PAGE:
I kept reading (or rather, kept picking the book up again) only to find out how the author would resolve that puzzle: how is it that a work of fiction parallels someone's actual life? And how is that connected to Jamie's amnesia?
    Yeah, that. So.

    ******SPOILER! ******

    A wizard did it.

    No, seriously, that's the answer.

    I wish I knew how to insert a gif of the Simpsons episode with Lucy Lawless, where that quote comes from.

    This story appears to take place in our modern world, there's no worldbuilding that establishes an alt-Earth with actual magic that works and magic-users who can be hired. But Callum tells Jamie (and Jamie needs no corroborating evidence) that the author of the book hired a wizard to make him a bestseller, and for some reason the wizard decided that hijacking the lives of two actual young people was the way to go about plotting and characterization.

    I guess the author just wrote herself into a corner. I almost have to admire the brazen impudence of that ending, disappointing as it was. Jaclyn Aurore DNF Jaclyn Aurore My Life Without Me starts off right in the thick of the action. Jamie is in the midst of one of her fits of knowing completely nothing about what's going on, completely lost, so bad, in fact, that she doesn't even remember her first name. Suddenly, a man appears, a beautiful man, who instantly shows love for her and they share an intimate moment in the bathroom alone as she is at her most weakest.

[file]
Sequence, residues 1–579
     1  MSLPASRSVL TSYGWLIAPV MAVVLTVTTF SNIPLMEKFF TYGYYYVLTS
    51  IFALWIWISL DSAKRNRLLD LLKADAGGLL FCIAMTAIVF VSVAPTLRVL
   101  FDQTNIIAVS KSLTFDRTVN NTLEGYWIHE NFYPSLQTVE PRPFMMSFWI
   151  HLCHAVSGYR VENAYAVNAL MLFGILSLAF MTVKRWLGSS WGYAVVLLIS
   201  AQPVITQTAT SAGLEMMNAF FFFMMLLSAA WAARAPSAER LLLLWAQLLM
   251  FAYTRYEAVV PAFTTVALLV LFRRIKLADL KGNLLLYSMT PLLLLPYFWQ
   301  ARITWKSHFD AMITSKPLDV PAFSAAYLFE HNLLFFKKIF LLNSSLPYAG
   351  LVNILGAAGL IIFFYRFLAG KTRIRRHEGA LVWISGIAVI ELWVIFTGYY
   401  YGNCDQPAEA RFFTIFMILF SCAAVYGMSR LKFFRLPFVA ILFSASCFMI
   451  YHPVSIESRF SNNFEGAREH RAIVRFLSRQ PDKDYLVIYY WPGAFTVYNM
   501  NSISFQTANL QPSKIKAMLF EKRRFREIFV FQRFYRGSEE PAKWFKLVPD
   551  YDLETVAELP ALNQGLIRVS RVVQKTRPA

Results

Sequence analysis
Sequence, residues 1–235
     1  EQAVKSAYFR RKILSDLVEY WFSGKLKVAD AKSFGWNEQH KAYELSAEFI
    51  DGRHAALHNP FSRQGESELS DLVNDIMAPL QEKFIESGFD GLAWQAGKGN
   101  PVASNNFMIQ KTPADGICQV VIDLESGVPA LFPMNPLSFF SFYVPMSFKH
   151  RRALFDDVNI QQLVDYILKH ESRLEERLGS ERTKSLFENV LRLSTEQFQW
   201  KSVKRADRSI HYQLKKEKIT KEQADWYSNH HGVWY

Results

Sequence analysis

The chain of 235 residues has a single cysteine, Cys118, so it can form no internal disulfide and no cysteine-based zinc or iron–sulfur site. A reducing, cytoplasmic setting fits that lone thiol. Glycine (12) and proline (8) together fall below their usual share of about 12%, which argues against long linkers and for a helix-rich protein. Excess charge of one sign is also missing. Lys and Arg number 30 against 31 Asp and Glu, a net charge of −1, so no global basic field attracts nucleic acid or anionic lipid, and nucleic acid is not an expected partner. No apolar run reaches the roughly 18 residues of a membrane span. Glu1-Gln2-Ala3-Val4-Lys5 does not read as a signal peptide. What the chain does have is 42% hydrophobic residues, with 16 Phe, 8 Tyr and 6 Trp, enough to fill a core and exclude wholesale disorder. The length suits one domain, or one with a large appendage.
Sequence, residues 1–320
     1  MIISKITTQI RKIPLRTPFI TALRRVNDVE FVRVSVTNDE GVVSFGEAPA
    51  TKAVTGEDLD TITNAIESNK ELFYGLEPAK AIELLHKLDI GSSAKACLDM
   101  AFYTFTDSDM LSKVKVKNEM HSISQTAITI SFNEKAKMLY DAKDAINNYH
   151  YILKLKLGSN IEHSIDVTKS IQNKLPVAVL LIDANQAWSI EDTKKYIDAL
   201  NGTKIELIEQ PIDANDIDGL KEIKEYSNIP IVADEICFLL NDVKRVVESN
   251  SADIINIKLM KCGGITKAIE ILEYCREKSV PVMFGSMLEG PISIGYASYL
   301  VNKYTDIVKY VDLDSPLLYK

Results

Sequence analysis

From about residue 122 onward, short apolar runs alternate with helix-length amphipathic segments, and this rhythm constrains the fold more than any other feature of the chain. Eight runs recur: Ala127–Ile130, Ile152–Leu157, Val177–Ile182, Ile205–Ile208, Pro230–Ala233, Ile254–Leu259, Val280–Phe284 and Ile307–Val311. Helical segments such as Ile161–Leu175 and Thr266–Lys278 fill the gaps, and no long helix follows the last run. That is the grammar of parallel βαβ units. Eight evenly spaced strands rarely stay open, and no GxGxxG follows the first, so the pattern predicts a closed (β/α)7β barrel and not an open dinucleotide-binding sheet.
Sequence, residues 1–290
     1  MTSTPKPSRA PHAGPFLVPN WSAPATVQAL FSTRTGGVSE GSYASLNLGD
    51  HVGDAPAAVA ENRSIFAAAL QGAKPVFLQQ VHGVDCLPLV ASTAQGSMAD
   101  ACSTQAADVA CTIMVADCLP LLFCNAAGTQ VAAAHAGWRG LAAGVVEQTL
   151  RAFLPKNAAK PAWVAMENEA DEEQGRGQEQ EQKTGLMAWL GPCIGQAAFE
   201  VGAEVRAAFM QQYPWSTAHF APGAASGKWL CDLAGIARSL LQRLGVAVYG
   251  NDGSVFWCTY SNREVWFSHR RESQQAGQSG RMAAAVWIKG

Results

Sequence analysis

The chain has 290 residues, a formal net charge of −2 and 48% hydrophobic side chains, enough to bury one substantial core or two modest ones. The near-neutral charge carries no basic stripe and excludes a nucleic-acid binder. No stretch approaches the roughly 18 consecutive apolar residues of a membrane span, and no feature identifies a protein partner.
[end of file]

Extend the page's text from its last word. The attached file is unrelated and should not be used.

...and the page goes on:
If you're thinking this sounds like fairly traditional romance novel fair, you may be right, but Aurore changes things up rather quickly from there, letting you know that Harlequin's got nothing on her. In fact, things don't seem to ever quite fully click between the heroine and her male suitor. Throughout the entirety of the novel we seem to watch as they battle this irresistible attraction they share. This isn't a tale of throbbing members and damsels in distress, this is a tale of a strong woman trying to figure out what happened to her life. If it weren't for the fact that this book seems to work with many of the standard tropes of the romance genre, I'd be more convinced that this is a mystery.